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N2 - Background: High-frequency percussive ventilation (HFPV), a hybrid of conventional mechanical ventilation and high-frequency oscillatory ventilation, has been used to salvage patients with persistent hypoxemia on conventional mechanical ventilation. We hypothesized that oxygenation would improve in injured patients with severe hypoxemia who were converted to HFPV after initial management with conventional ventilation. Methods: Chart review identified patients with acute respiratory distress syndrome (ARDS) managed with HFPV. Oxygenation parameters (oxygenation index, OI; Pao2/Fio2 ratio, P/F) and mean airway pressures (mPaw) were recorded at baseline and at 1 to 4, 8 to 12, and 12 to 24 hours after initiation of HFPV. Values at baseline and each time point after conversion to HFPV were compared by using analysis of variance or Kruskal-Wallis tests. Results: Twelve patients, over 24 months, were reviewed. Baseline measurements were OI: 42.2 ± 33, P/F: 70 ± 31, (median ± interquartile range), and mPaw: 29 ± 8 (mean ± standard deviation) cm H2O. After initiation of HFPV, mPaw did not differ from baseline. There was an improvement in OI (P = .01) from baseline at 12 to 24 hours after initiation of HFPV and in P/F at 12 to 24 hours (P = .002) and 8 to 12 hours (P = .001) after initiation of HFPV. Conclusions: HFPV may improve oxygenation in patients with ARDS without a concomitant increase in mPaw. A randomized trial of HFPV versus conventional ventilation in trauma patients is needed.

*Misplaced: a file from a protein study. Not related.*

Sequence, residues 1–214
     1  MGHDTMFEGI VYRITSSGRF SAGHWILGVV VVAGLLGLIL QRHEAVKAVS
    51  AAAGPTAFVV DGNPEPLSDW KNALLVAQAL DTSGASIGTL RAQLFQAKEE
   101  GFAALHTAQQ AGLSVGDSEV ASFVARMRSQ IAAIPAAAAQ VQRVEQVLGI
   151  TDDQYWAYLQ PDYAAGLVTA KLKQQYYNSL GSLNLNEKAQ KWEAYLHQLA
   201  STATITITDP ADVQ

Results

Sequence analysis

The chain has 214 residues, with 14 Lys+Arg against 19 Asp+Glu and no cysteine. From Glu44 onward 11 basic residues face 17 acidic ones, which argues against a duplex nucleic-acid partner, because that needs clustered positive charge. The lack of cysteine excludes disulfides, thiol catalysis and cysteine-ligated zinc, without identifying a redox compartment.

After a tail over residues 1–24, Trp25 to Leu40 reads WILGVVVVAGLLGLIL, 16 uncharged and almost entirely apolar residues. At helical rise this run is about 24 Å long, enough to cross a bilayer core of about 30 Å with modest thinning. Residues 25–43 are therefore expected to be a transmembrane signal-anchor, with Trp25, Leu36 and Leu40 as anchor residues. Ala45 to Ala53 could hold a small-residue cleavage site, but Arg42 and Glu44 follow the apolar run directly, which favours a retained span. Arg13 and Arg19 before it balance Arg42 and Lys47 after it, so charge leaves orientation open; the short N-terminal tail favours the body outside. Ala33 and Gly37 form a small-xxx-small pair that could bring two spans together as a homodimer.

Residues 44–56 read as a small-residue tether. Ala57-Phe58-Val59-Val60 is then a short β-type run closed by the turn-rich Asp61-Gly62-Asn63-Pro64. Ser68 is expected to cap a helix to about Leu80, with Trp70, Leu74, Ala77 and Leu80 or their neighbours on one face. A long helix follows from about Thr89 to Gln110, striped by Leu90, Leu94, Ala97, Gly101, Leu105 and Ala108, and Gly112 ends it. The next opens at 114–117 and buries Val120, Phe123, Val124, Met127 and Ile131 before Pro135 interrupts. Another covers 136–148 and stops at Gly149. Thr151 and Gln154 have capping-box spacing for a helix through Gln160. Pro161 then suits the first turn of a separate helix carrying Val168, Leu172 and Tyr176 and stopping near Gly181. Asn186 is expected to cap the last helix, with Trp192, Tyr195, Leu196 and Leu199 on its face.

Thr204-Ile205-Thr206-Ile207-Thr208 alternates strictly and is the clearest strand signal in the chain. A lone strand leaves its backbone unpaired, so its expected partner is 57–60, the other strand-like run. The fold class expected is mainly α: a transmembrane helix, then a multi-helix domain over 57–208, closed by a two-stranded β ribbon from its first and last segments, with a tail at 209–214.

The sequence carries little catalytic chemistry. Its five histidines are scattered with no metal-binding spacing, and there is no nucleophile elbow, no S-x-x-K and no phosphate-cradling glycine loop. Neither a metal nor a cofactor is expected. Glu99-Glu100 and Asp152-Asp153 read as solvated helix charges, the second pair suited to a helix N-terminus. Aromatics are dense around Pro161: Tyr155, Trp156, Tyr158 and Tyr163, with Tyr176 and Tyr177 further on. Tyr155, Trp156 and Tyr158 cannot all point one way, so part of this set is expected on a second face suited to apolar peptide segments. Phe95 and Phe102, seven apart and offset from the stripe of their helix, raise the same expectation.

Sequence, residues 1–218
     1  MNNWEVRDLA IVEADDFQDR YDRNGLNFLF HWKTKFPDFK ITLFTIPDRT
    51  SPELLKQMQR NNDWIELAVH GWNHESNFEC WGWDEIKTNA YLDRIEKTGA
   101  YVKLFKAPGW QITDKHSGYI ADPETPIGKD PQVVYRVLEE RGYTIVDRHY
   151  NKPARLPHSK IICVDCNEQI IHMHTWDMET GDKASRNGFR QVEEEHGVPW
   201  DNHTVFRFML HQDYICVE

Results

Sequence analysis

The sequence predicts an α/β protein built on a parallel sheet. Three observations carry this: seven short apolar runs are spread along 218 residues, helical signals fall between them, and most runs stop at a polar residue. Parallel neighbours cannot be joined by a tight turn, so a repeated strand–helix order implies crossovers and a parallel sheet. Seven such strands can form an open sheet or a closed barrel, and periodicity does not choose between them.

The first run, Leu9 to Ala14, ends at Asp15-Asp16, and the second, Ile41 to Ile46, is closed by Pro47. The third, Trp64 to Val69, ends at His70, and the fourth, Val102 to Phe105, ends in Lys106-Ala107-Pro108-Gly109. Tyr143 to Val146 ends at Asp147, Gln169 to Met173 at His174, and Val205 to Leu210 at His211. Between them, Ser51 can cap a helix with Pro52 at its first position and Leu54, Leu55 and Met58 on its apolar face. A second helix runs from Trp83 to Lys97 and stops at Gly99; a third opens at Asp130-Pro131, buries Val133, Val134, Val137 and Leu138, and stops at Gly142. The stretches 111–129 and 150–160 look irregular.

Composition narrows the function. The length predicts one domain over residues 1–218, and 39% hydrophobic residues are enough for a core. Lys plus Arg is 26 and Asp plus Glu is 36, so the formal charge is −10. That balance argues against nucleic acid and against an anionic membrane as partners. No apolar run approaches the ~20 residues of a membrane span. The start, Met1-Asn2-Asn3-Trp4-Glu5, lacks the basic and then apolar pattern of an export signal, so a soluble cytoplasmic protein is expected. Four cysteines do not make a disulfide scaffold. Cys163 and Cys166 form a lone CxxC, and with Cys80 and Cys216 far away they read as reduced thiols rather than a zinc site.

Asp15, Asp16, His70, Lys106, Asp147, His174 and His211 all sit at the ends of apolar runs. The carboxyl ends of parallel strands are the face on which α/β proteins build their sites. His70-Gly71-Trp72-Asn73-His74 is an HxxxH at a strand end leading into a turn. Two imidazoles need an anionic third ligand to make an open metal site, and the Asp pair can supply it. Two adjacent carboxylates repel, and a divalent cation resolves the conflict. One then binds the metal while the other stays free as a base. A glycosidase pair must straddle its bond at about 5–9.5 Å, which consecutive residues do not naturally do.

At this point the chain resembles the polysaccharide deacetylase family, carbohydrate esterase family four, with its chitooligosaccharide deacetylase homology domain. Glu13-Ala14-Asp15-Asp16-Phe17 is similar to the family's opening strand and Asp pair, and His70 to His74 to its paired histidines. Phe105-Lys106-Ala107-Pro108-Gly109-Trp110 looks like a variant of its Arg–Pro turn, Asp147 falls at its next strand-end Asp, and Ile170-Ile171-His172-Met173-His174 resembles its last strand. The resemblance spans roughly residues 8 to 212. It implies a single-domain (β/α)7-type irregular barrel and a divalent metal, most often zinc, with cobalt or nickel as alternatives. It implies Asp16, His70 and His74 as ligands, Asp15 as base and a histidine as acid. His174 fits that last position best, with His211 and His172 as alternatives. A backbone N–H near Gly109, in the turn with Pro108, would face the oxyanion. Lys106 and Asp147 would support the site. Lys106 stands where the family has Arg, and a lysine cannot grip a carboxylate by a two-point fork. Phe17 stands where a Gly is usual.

AB - Background: High-frequency percussive ventilation (HFPV), a hybrid of conventional mechanical ventilation and high-frequency oscillatory ventilation, has been used to salvage patients with persistent hypoxemia on conventional mechanical ventilation. We hypothesized that oxygenation would improve in injured patients with severe hypoxemia who were converted to HFPV after initial management with conventional ventilation. Methods: Chart review identified patients with acute respiratory distress syndrome (ARDS) managed with HFPV. Oxygenation parameters (oxygenation index, OI; Pao2/Fio2 ratio, P/F) and mean airway pressures (mPaw) were recorded at baseline and at 1 to 4, 8 to 12, and 12 to 24 hours after initiation of HFPV. Values at baseline and each time point after conversion to HFPV were compared by using analysis of variance or Kruskal-Wallis tests. Results: Twelve patients, over 24 months, were reviewed. Baseline measurements were OI: 42.2 ± 33, P/F: 70 ± 31, (median ± interquartile range), and mPaw: 29 ± 8 (mean ± standard deviation) cm H2O. After initiation of HFPV, mPaw did not differ from baseline. There was an improvement in OI (P = .01) from baseline at 12 to 24 hours after initiation of HFPV and in P/F at 12 to 24 hours (P = .002) and 8 to 12 hours (P = .001) after initiation of HFPV. Conclusions: HFPV may improve oxygenation in patients with ARDS without a concomitant increase in mPaw. A randomized trial of HFPV versus conventional ventilation in trauma patients is needed.